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When David Kincaid leaves school in Detroit to return to his hillbilly family, he finds them all fighting an encroaching strip-mining machine which threatens to gobble up the family property under the dubious legality of a generations-old ""long-form"" deed. The way of David's strong grandmother, Zorah, is that of letters to Congressmen and organized sit-ins; her moonshiner husband Jason simply plays blind and plays the welfare game from every angle; while David's father Samson fights the machine directly with brave but futile midnight attacks in the company of his Cherokee friend Bull Bait. The family's good fight is commonplace as a fictional situation and Forman's uncomplicated plot isn't much strengthened by David's not-too-pressing conflict between fighting for the land and going off to New York with attractive Fran from Detroit, who is sure David can make it big with his native banjo. Forman's people tend to be ""characters"" in the sense that one says of an old geezer ""he's a real character""--but they give the story its vitality and its direction, and there's an expansive, larger-than-life humor and humanity to their unlikely valor. Among the cast, Bull Bait, who has ""the blood but not the upbringing"" for the role, plays Indian to the hilt, but serves the roast dog at his shanty/lodge with real silverware and gravy stirred up in La Machine. David's enormous, placid Ma does nothing but eat and watch TV while outrageous action occurs around her. His sister Sharon manages to reproduce happily with only the minimum necessary male contact. His speechless, witless younger brother supports them all with his gathered ginseng and finds the buried Confederate treasure which, though not what the family had dreamed of for generations (it's paper, not gold), does get David the truck he needs for a final assault on the mining machine. And neighbor Verna, illiterate and toothy and low-class but also loyal, devoted, and full of grit, helps him place the dynamite that will bring at least a temporary victory over the coal company. You come to like and line up with the lot of them, and they generate some hare-brained, hairy scenes.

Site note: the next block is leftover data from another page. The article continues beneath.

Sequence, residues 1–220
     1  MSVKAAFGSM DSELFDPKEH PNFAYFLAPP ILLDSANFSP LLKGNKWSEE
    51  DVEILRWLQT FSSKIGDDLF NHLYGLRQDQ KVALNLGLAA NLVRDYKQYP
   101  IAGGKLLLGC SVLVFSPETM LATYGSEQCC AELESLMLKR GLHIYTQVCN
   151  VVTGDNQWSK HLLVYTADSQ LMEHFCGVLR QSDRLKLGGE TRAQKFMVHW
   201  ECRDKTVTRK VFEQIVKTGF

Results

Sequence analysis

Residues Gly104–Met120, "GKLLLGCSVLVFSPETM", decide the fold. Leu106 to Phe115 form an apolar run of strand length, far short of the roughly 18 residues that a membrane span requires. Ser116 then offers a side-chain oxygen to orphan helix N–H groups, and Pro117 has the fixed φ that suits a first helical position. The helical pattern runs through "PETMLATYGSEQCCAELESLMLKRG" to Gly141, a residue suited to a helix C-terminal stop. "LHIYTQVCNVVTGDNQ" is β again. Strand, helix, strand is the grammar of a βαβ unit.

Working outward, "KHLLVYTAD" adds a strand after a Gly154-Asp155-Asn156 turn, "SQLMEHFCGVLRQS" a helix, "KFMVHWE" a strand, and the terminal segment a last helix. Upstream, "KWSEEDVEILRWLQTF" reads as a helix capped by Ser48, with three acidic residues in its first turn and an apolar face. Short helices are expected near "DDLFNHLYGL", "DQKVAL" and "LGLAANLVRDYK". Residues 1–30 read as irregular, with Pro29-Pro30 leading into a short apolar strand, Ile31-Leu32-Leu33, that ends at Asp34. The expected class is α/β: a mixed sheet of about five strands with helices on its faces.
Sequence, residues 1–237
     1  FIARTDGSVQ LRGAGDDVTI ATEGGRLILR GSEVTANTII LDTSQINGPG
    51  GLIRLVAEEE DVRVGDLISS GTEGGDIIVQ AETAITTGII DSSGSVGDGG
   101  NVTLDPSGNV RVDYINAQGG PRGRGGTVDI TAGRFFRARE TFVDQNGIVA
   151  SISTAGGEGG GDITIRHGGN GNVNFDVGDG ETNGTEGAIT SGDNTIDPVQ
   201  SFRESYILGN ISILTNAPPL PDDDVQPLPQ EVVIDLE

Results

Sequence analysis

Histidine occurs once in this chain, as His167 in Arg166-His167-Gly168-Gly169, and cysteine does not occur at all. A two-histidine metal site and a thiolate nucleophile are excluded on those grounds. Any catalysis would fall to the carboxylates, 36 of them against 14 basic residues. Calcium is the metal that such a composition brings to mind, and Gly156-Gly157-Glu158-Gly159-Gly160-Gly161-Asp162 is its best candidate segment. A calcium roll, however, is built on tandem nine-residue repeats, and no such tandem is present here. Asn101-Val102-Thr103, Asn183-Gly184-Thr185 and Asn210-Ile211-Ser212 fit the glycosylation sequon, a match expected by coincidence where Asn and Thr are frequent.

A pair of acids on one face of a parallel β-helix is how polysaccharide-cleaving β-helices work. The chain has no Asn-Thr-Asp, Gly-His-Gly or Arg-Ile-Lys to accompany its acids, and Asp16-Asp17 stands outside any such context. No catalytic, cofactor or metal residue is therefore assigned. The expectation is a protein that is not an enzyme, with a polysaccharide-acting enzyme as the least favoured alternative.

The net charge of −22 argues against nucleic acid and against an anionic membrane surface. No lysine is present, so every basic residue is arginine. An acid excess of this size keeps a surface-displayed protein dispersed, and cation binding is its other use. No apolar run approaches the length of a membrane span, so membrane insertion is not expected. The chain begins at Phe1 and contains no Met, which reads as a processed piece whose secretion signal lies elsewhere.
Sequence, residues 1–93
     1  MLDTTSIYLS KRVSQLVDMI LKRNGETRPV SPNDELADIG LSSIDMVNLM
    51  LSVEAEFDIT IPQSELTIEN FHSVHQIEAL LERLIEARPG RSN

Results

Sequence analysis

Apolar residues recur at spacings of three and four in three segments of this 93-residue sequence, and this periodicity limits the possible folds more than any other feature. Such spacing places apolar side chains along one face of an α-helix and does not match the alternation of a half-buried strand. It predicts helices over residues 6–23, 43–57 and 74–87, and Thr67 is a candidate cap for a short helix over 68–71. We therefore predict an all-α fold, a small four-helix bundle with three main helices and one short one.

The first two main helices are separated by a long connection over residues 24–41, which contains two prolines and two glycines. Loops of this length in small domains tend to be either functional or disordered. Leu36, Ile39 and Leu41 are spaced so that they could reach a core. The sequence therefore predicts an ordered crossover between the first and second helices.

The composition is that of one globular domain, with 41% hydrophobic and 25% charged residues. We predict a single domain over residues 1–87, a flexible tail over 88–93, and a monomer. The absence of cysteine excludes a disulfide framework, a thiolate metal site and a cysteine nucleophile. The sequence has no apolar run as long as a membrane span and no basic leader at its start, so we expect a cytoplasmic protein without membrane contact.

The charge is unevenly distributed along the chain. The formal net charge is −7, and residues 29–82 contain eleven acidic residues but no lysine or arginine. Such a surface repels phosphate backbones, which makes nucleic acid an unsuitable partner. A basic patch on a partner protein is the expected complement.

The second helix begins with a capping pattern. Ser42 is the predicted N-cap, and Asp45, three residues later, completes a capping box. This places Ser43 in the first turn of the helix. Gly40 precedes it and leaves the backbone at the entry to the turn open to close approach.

Pub Date: Oct. 26th, 1979
Publisher: Farrar, Straus & Giroux